Toronto Premiere: A Truth to be Told by Raven Sinclair  

From the 1960s and the mid 1980s, First Nation and Metis children in Canada were removed from their families without consent and placed with non-Aboriginal families. This episode is known as “The 60’s Scoop.” The reason you may not have heard of it, is that it doesn’t get much mention in Canadian schoolbooks or archives.

The Studio for Media Activism & Critical Thought at Ryerson Universitya-truth-to-be-told is pleased to host the Toronto premiere of “A Truth To Be Told: The 60’s Scoop in the Splatsin Community” (Canada 2016). The film’s producer, Dr. Raven Sinclair, will speak to the ways in which this film has rematerialized the lived experience of colonialism for Indigenous raven-sinclaircommunities in Canada.

A Truth to be Told is the story of Splatsin band’s (Shuswap) experience of child welfare removals in the 1960s and 70s. The community was devastated by residential schools and further traumatized by the mass removals of their children. Eventually, the Chief, a child welfare survivor himself, rallied to stop child welfare interventions in his community.  Splatsin became the only First Nation community in Canada to enact a child welfare by-law, giving them jurisdiction over their children. This film highlights the anguish and the resilience of the Splatsin community members and reveals that the child welfare battle is far from over.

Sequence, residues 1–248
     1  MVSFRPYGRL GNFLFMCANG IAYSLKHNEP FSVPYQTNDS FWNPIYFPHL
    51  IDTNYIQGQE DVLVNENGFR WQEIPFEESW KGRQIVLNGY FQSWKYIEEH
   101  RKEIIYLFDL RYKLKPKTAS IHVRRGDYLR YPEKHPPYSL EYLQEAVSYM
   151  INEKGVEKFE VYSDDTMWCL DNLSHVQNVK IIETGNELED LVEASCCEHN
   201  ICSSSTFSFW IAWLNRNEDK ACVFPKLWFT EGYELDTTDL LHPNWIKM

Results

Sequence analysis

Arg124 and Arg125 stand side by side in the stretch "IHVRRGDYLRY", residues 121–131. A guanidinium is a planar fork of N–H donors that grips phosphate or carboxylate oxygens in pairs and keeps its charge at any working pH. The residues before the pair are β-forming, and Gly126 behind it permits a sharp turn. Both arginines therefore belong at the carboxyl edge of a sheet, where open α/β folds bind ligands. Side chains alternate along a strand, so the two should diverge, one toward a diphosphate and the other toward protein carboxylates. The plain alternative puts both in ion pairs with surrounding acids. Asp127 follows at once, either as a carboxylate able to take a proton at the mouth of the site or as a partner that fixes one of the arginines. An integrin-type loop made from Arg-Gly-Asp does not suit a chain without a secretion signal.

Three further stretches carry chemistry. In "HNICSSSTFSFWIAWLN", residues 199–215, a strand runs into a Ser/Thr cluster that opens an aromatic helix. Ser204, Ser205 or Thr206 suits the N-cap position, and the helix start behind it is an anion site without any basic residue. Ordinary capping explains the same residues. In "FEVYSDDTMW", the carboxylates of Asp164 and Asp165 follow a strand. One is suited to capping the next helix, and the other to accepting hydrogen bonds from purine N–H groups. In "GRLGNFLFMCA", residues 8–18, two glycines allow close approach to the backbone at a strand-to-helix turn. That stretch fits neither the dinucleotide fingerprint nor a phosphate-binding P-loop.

One of Canada’s primary experts on the ‘60s Scoop’ era, and executive producer of  ‘Truth to be Told’, Dr. Raven Sinclair (Ótiskewápíwskew) is Cree/Assinniboine/Saulteaux from Gordon’s First Nation. Dr. Sinclair is Associate Professor of Social Work at the University of Regina and the Assistant Director of the Indigenous Peoples’ Health Research Centre.

As Dr. Sinclair states, “The voices and experiences of this community have been completely dematerialized in any archival records in order to further the biopolitical and colonial aims of the state. This film challenges the colonial rhetoric of child-saving as the goal underpinning child welfare.”

This event is part of a day-long symposium, De/Materializing Bodies: Activist Media Archives. This event is supported by Ryerson’s Office of the Provost & VP Academic, RTA School of Media and the Faculty of Communication & Design.

Saturday November 12th from 7pm-9pm

ENG 103, George Vari Engineering Bldg., 245 Church St

Ryerson University

Event is FREE, wheelchair accessible

Further information: